Sure, it was a ridiculous question to pose to the eternally optimistic and effervescent Mike Hopkins, but somebody had to ask. 

“Hey Hop, do you think there’s still enough time in the season to get on a run and …” 

Much like an trigger-happy contestant on the game show Jeopardy!, the Washington men’s basketball coach blurted out an answer before the question was complete. 

“Oh yeah,” said Hopkins flashing a huge smile. “Are you kidding me? Heck yeah. How exciting is this? You have three (games) and all great games. You have a rivalry (Washington State). A top 25 team (No. 12 UCLA). An Oregon rivalry (against the Ducks) and then Senior Night (and a regular-season finale versus Oregon State).  

“It doesn’t get better than that. This is awesome. If you love college basketball and you’re a competitor, this is what you want. This is what you’re waiting for. … LET’S GO PAC-12!” 

Washington Huskies guard Terrell Brown Jr. (23) guides the ball to the hoop during the second half of a game between University of Washington and Washington State University at Alaska Airlines Arena in Seattle on Feb. 26, 2022.  (Daniel Kim / The Seattle Times)
Lot of unknowns remain in UW Husky men’s season, but at least they gave their fans a rivalry win
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It’s fair to say, Hopkins is excited about the final week of the regular season, which gives the Huskies a chance to gain ground in the Pac-12 standings and make one final push for a top-four finish that secures a first-round bye for the conference tournament. 

Washington (14-13) is sixth in the Pac-12 at 9-8. The Huskies would need a 3-0 sweep this week and serious help from around the league to leapfrog Oregon (18-11, 11-7) and Colorado (19-10, 11-8) into the No. 4 spot. 

A 2-1 showing this week locks UW in the No. 6 position while a 1-2 or 0-3 finish makes the Huskies susceptible of falling as low as No. 9. 

Hopkins is less concerned about conference tournament seeding and entirely focused on finding a way to upset UCLA and capturing Washington’s first win against a ranked team since 2019. 

The original UW-UCLA matchup on Dec. 5 was canceled and ruled a UW forfeit by the Pac-12 after the Huskies were unable to play due to a COVID-19 outbreak. 

Later, the Pac-12 changed its COVID-related cancellation policy and the game was rescheduled for Monday.  

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In some ways, squeezing a highly anticipated matchup against a powerhouse such as UCLA in the schedule is inopportune for the Huskies considering they played Saturday and beat WSU 78-70 in an emotionally charged game between in-state rivals. 

However, UCLA also played Saturday and the Bruins are concluding a three-games-in-five-days road trip that included last Thursday’s 68-63 loss at Oregon and a 94-55 blowout win against Oregon State. 

“Getting on a bus or getting into a car or getting on a plane is traveling,” Hopkins said. “There’s no time difference with UCLA playing at Oregon State, but it’s still travel. It’s still wear and tear on the body. So it’s good to be home.  

“It’s like a video game. When you lose your energy, you die. So you try to find ways to get energy. Ice your legs. Stretch your body. Make sure you get enough rest. Make sure you’re doing all of the things that give us energy is going to be the most important way that we utilize (Sunday). Being at home gives us an advantage for sure.”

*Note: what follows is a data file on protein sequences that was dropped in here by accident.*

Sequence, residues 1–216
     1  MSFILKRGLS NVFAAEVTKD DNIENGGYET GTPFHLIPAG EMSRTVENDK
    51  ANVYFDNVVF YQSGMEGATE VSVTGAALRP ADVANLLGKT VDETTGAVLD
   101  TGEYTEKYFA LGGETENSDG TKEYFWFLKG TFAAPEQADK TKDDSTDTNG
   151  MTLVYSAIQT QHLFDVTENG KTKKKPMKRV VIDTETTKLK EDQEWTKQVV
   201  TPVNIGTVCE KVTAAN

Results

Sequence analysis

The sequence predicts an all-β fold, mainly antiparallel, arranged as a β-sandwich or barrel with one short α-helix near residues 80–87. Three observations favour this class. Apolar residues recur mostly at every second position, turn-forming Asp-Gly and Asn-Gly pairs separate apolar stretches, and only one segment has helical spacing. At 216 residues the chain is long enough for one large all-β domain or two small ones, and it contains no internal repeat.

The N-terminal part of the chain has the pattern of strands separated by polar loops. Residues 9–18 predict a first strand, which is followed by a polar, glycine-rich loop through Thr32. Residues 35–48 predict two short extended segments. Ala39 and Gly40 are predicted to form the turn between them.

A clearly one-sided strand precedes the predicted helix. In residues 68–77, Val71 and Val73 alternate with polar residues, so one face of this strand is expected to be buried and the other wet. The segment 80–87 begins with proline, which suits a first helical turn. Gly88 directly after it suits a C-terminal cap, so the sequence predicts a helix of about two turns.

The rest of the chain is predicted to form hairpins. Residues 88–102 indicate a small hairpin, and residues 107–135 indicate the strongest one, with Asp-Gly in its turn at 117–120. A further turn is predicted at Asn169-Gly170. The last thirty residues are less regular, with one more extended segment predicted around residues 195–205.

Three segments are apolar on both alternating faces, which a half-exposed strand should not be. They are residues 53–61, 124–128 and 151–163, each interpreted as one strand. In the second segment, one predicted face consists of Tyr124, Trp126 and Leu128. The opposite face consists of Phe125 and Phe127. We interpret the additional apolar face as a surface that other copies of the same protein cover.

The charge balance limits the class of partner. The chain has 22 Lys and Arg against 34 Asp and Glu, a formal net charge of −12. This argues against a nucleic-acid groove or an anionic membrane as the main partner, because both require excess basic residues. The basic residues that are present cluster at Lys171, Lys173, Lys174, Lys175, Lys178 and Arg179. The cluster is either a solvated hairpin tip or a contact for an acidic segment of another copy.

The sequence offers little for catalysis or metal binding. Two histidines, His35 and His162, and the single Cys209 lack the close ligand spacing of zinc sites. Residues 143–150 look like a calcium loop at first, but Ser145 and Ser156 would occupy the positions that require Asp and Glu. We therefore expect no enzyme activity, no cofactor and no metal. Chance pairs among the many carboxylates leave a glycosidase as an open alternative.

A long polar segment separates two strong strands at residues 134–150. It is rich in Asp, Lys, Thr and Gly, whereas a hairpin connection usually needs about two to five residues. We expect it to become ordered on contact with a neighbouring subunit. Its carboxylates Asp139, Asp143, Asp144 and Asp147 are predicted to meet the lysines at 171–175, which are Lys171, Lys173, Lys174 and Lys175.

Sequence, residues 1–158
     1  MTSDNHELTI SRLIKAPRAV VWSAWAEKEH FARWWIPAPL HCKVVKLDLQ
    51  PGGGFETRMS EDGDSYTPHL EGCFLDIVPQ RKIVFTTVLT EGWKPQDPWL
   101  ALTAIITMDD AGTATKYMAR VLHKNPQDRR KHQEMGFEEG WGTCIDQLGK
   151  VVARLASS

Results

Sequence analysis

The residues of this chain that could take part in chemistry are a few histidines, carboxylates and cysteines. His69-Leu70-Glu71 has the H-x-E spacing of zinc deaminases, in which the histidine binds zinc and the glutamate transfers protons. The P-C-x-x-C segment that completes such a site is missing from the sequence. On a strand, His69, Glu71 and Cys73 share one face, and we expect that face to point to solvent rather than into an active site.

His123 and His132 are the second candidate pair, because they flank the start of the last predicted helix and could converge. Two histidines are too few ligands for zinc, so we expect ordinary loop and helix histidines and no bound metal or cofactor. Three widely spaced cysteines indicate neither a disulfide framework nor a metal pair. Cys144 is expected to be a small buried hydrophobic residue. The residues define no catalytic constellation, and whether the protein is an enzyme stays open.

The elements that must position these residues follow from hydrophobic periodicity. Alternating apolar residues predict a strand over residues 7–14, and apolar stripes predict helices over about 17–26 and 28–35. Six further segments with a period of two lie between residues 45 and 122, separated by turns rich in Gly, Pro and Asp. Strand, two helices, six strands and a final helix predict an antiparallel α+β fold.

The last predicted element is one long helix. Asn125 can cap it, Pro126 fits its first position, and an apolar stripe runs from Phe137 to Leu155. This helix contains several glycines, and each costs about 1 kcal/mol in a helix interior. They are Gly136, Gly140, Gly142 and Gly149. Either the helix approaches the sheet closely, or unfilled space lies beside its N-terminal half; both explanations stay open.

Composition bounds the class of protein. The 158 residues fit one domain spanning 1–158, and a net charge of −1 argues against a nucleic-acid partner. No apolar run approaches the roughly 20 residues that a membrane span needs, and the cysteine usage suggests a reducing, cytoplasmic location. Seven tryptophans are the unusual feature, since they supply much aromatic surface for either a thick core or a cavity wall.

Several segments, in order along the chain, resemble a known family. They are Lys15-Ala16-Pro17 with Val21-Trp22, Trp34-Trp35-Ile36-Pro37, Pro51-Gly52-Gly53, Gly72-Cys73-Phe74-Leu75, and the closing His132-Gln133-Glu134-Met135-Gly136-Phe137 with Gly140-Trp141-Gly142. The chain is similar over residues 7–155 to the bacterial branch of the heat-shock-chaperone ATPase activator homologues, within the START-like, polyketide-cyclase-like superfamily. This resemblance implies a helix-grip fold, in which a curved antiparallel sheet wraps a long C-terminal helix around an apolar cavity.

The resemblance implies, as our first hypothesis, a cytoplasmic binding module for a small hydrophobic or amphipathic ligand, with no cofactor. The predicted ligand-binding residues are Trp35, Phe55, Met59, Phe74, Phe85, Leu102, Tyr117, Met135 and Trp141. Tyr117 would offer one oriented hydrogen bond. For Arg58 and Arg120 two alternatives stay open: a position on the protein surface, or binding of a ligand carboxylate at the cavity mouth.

UCLA (21-6, 13-5), which will play its sixth game in 12 days, is also unlikely to have leading scorer Johnny Juzang (17.0 points per game) who sat out Saturday due to an ankle injury 

“I would doubt it,” Bruins coach Mick Cronin reportedly said Saturday when asked if Juzang would play against UW. “He looked better today. But I don’t know. I don’t know. I’d say doubtful. But you never know. He puts a lot of work in on his body with flexibility and stuff like that, so he will surprise you at times.” 

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UCLA certainly didn’t miss Juzang (sore hip) or Cody Riley (rest) when they sat out the first meeting against Washington. 

Without two starters, the Bruins pounded the Huskies 76-50 at Pauley Pavilion on Feb. 19 in large part because of backup guards Jaylen Clark and David Singleton each posted career-highs and scored 25 and 20 points, respectively. 

“They’re big and physical and they really pounded us in the paint and they shot the three as good as any team has shot it (against us) this year,” Hopkins said noting UCLA converted 10 of 22 three-pointers. “There’s no secret to this thing. We’re just going to have to execute better.” 

Since 2012, UW is 3-13 against UCLA, which includes the Bruins’ current five-game winning streak versus the Huskies. 

Two weeks ago, Washington tallied its fewest points of the season against UCLA while shooting 34.6% from the field and 17.6% (3 of 17) on three-pointers. 

The Huskies held the Bruins without a field goal in the first five minutes and trailed 37-25 at halftime. UCLA broke the game open with a 26-3 run to start the second half and led by 37 points in the final minutes. 

“We know they’re a good team and a Final Four team last year,” said UW guard Terrell Brown Jr. who scored 13 points against the Bruins. “It’s just being locked in from start to finish, that’s the biggest key. We know they’re going to go on runs. We have to be able to counter the runs and sustain and stay levelheaded.” 

Hopkins added: “The good thing is we just played UCLA. We know kind of what they’re going to do. Now we have to be able to go out and execute. Now do we have enough energy to execute? They’re one of the best teams in the country.